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Firearm advocate accuses prime minister of betraying gun lobby

Watch above: A Sask. firearm advocate who campaigned for the Conservatives for years, is now accusing the prime minister of betraying gun lobby. Calvin To has Edward Hudson’s story.

SASKATOON – Heated reaction is taking place on the heels of Prime Minister Stephen Harper’s comments regarding gun use in rural areas.

“My wife’s from a rural area,” Harper said at the recent Saskatchewan Association of Rural Municipalities convention in Saskatoon. “Gun ownership wasn’t just for the farm. It was also for a certain level of security when you’re a ways away from police, from immediate police assistance.”

The prime minister later added he did not mean that people should be taking the law into their own hands. Still, reaction was swift from proponents of gun control.

“So this whole idea that you are far from a police station, which is what he said in that very bizarre comment of his, so there for you might have to arm yourself and use your weapons against other human beings,” said NDP Leader Thomas Mulcair.

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“Police across Canada have denounced that, the bar associations across Canada have denounced that, I’m happy to see the prime minister is now backing away from it, which was an incredibly ill-considered statement by Stephen Harper.”

READ MORE: NDP leader shoots down Harper’s comments about people who arm themselves 

The prime minister is also drawing criticism from some in the gun lobby.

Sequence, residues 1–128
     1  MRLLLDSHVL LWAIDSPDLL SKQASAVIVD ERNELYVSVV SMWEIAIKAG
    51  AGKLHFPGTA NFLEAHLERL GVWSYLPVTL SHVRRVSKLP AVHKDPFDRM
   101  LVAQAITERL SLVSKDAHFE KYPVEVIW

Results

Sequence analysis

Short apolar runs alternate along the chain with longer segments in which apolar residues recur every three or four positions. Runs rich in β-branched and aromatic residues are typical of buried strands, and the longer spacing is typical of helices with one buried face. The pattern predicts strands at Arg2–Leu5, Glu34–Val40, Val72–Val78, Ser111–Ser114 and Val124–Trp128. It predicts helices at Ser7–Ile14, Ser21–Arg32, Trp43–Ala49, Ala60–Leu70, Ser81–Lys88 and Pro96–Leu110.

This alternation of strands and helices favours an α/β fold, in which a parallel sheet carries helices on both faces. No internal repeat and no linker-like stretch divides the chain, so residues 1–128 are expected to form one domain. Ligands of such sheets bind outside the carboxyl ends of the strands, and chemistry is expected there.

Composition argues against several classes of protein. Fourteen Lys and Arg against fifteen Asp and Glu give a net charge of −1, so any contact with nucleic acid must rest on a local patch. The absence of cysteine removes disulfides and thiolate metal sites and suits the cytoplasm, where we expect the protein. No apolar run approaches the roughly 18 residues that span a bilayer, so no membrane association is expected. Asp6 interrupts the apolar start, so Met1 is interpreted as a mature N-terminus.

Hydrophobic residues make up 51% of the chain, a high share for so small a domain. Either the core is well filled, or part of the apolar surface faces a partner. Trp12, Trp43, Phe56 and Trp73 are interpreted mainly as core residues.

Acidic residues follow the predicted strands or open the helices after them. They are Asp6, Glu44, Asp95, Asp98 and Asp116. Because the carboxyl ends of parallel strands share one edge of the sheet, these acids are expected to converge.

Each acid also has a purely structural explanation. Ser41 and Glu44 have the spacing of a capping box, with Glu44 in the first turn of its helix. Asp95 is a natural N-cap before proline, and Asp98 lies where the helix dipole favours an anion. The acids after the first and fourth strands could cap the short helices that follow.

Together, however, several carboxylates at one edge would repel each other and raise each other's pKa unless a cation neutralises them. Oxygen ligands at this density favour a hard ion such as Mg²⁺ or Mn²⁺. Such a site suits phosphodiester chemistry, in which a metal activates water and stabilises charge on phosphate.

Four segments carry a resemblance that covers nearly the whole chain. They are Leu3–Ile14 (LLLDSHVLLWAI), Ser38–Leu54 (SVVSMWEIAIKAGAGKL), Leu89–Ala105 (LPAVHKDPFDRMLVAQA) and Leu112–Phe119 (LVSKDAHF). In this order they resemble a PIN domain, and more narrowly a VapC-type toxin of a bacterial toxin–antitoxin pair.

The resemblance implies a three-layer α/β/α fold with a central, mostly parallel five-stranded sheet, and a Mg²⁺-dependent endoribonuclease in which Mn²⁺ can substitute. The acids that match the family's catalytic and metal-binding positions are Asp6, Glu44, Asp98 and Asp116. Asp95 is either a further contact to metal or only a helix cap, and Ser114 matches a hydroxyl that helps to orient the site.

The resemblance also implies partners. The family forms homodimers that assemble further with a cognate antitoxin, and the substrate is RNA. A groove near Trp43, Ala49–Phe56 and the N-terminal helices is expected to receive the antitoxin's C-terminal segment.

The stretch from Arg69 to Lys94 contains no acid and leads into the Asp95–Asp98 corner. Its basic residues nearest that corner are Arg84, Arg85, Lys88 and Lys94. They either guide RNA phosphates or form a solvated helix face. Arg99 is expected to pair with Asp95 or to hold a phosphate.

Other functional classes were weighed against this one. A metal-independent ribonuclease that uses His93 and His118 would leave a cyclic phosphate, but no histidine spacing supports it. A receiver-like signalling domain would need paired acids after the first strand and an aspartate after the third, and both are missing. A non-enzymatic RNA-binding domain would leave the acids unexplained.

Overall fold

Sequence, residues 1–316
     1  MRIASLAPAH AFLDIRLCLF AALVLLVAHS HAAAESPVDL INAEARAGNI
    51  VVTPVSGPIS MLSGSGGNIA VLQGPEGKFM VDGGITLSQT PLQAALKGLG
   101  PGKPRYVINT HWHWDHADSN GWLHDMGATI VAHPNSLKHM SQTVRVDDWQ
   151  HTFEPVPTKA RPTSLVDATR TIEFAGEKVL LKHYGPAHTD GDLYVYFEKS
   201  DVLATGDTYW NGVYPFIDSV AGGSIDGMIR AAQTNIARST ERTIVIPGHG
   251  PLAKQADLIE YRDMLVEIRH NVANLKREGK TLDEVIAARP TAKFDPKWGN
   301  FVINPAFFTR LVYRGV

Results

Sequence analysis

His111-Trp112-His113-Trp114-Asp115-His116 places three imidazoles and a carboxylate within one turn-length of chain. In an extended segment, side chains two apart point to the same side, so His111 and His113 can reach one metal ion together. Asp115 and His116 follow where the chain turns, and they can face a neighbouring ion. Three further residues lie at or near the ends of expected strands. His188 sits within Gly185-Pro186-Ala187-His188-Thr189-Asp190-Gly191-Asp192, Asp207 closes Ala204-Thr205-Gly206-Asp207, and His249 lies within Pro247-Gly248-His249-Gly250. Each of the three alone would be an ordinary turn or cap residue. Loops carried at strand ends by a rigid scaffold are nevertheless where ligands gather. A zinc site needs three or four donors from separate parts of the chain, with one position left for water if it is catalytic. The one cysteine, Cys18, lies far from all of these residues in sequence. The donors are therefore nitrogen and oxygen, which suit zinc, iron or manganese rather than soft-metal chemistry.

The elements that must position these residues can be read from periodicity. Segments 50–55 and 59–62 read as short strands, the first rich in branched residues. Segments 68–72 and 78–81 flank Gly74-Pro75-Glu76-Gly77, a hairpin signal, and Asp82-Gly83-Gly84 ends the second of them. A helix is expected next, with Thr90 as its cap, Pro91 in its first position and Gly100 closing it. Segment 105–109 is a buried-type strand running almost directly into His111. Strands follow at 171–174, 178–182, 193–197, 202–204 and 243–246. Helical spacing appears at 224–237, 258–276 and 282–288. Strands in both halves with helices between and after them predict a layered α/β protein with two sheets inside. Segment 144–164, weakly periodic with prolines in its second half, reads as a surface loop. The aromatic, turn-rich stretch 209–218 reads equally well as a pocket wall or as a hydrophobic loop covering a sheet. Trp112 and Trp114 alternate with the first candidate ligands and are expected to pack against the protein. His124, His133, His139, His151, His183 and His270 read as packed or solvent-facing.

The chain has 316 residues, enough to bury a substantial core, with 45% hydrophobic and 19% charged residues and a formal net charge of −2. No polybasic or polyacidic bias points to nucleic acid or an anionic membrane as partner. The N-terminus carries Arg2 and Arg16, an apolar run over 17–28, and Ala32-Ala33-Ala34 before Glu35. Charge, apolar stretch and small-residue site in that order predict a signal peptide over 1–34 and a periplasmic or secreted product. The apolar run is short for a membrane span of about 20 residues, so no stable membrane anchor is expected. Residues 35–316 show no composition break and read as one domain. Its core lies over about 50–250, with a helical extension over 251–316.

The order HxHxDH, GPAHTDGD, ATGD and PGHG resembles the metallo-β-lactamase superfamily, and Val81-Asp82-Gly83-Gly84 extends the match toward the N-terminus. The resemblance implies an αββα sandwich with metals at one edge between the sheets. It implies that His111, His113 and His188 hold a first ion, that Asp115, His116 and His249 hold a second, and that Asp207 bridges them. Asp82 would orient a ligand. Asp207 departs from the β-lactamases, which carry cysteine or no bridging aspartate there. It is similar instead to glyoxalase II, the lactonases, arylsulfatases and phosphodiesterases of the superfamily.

“He has betrayed us,” says local gun advocate Edward Hudson. “He does not deserve our support.”

Hudson has been campaigning for the federal Conservatives for 15 years, and at the same time trying to change the laws regarding gun ownership in Canada. He openly owns and uses firearms without a license, and often encourages police to charge or arrest him.

Yet he is unhappy with the Conservatives’ record on gun control. He says the Tories backed away from a promise years ago that they would do away with the law requiring licensing for the purchase and possession of firearms, and adds that he isn’t buying the prime minister’s words.

“It just seemed like so much baloney,” Hudson says.

“And as I say, it’s green baloney. Because baloney’s good, but not the baloney he’s selling,”

Hudson says he wants to see this government replaced with a Liberal-NDP coalition, if anything, in order to punish the Tories for what he labels poor treatment of the gun lobby. In the meantime, he will continue breaking the law, hoping to get charged with a firearms-related offence so he can take his cause to court.

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